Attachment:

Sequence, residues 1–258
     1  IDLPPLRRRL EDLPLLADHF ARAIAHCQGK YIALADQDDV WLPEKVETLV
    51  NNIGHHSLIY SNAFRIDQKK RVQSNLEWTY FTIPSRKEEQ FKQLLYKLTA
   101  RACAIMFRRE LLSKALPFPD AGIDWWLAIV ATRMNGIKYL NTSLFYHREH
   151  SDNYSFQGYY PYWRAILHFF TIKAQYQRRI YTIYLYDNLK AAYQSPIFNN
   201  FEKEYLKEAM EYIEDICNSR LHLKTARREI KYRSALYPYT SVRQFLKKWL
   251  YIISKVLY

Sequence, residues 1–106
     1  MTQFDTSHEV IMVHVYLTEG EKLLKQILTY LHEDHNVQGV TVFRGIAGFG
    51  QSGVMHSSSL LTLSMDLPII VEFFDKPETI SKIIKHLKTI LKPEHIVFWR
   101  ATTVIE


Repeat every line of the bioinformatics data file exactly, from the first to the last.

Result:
Sequence, residues 1–258
     1  IDLPPLRRRL EDLPLLADHF ARAIAHCQGK YIALADQDDV WLPEKVETLV
    51  NNIGHHSLIY SNAFRIDQKK RVQSNLEWTY FTIPSRKEEQ FKQLLYKLTA
   101  RACAIMFRRE LLSKALPFPD AGIDWWLAIV ATRMNGIKYL NTSLFYHREH
   151  SDNYSFQGYY PYWRAILHFF TIKAQYQRRI YTIYLYDNLK AAYQSPIFNN
   201  FEKEYLKEAM EYIEDICNSR LHLKTARREI KYRSALYPYT SVRQFLKKWL
   251  YIISKVLY

Sequence, residues 1–106
     1  MTQFDTSHEV IMVHVYLTEG EKLLKQILTY LHEDHNVQGV TVFRGIAGFG
    51  QSGVMHSSSL LTLSMDLPII VEFFDKPETI SKIIKHLKTI LKPEHIVFWR
   101  ATTVIE